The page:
Second potato supply lawsuit moved to Idaho
By JOHN O'CONNELL
A grocery supplier's federal lawsuit filed in Kansas alleging United Potato Growers of America and some cooperative members artificially inflated prices through cartel-like efforts to limit supply has been moved to Idaho and combined with another similar class-action lawsuit.
Wyandotte County, Kan.,-based Associated Wholesale Grocers Inc., which supplies more than 2,000 grocery stores, filed its suit on April 17. Allegations in the complaint were similar to the class-action case filed in Pocatello, Idaho, federal court by the Jamestown, N.Y., wholesale potato buyer Brigotta's Farmland Produce and Garden Center.
The combined case is scheduled for a telephonic status conference with attorneys at the end of this month.
"There's no need for a judge in Kansas to get deep into the potato discovery. There's a judge in Idaho who's already on top of that," said Peter Carstensen, a University of Wisconsin law professor and antitrust expert.
Carstensen said combining the cases doesn't preclude Associated Wholesale Grocers from testing a Kansas state law that could significantly increase damages. The grocery supplier has alleged the defendants violated the Kansas Restraint of Trade Act, opening the door to indirect purchases made with the alleged conspirators through an intermediary, which aren't eligible under federal law.
The state law also awards full repayment of commodities sold under an illegal price, rather than actual damages under federal law. The plaintiffs have asked the federal court to assume jurisdiction over the alleged state law violation because the case involves residents in several states and more than $75,000 in alleged actual damages.
Carstensen believes the Kansas money-back provision will make it more difficult for defendants to prove that alleged damages vary too widely to establish a uniform class. Though the provision hasn't been well tested, he believes it provides a bargaining tool.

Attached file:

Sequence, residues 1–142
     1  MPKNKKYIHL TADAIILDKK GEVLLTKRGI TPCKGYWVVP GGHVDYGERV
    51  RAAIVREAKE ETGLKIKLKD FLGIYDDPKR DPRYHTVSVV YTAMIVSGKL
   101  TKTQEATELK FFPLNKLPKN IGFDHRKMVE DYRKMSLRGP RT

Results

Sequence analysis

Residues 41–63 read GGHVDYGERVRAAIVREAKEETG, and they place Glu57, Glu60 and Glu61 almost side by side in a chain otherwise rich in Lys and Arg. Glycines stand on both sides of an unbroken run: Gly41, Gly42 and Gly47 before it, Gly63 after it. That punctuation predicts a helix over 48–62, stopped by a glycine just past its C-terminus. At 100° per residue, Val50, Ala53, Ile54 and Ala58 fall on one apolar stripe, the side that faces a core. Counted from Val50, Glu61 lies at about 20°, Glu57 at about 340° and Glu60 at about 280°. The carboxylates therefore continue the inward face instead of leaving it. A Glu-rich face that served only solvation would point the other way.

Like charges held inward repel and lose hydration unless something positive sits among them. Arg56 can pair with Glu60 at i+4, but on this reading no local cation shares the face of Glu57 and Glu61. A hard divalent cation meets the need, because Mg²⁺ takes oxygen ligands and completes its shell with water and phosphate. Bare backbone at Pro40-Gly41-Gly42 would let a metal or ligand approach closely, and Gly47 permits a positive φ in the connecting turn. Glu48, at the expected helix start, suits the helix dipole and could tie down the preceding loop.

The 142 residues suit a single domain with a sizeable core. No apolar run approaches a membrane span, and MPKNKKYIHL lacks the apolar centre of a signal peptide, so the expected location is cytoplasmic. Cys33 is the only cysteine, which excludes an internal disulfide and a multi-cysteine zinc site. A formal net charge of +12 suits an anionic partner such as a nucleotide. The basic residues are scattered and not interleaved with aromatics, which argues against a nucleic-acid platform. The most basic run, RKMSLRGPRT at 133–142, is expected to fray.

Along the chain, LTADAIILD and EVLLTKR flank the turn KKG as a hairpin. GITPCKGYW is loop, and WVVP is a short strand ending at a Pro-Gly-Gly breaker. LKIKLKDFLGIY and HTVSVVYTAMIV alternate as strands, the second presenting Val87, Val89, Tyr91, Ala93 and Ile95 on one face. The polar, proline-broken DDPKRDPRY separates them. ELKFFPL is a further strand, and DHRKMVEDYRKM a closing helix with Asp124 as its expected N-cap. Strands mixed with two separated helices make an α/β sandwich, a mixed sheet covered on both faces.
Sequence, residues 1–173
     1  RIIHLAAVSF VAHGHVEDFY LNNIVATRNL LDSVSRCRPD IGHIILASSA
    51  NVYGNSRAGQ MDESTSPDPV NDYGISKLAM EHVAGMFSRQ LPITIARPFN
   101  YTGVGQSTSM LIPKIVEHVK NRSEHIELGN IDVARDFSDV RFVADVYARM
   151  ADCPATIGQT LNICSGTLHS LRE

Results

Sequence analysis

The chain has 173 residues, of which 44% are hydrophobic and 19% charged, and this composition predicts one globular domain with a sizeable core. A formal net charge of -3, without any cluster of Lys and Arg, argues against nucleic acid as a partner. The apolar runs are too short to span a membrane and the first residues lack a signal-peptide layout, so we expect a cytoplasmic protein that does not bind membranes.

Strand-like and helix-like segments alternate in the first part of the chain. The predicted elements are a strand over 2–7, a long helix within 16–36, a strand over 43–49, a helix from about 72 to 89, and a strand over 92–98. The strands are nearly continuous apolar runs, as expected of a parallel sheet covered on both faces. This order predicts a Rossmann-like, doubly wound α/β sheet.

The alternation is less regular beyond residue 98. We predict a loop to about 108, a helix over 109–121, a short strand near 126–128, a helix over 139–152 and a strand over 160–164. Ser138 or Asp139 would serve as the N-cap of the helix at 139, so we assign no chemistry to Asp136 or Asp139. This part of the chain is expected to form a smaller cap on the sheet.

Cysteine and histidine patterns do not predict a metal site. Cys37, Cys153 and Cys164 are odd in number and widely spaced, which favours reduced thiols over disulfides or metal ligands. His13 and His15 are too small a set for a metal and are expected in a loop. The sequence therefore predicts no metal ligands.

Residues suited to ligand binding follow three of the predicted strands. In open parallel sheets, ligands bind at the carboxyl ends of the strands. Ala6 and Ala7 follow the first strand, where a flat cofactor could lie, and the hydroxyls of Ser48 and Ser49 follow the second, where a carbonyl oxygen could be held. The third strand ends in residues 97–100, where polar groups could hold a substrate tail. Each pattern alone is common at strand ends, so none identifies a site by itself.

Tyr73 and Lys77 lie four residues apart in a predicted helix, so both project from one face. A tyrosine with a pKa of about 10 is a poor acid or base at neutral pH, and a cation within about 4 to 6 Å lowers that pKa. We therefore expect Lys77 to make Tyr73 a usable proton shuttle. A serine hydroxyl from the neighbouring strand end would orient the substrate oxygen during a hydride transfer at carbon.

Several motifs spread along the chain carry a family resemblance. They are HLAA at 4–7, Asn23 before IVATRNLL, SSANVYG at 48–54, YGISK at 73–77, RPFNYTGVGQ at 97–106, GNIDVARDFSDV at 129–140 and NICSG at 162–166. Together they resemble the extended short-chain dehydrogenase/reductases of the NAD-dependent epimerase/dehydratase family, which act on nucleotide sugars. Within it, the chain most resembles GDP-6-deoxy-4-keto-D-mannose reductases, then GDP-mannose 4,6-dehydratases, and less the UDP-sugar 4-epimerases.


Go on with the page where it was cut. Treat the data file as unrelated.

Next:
"It makes it easier for a court to say, 'Even if I'm not sure whether you're able to establish class-wide damages, since you're entitled to a refund we're going to go forward with the trial on the merits,'" Carstensen said.
Plaintiffs claim UPGA, formed in 2005, helped triple prices by 2011, fining growers for over-planting. The defendants believe the federal Capper-Volstead Act, which grants associations of agricultural producers certain exemptions from antitrust laws, protects their strategy. In the Brigotta's case, Chief U.S. District Judge B. Lynn Winmill has already ruled "acreage reductions, production restrictions and collusive crop planning are not activities protected by the Capper-Volstead Act."
Carstensen predicts the defendants will eventually settle.
"If they can't convince the judge to expand his interpretation of Capper-Volstead or find that the class is not sufficiently uniform, then I think they're going to wind up with a fairly substantial payday for the plaintiffs," Carstensen said.
He said the potato case and pending cases involving dairy, mushrooms and eggs involve similar "efforts to restrict production as opposed to an agreement about how to price what is being produced. It looks to me as though this set of cases is going to wind up in a pretty clear interpretation of Capper-Volstead that will say, 'No, you cannot excuse restricting production by doing it through a cooperative.'"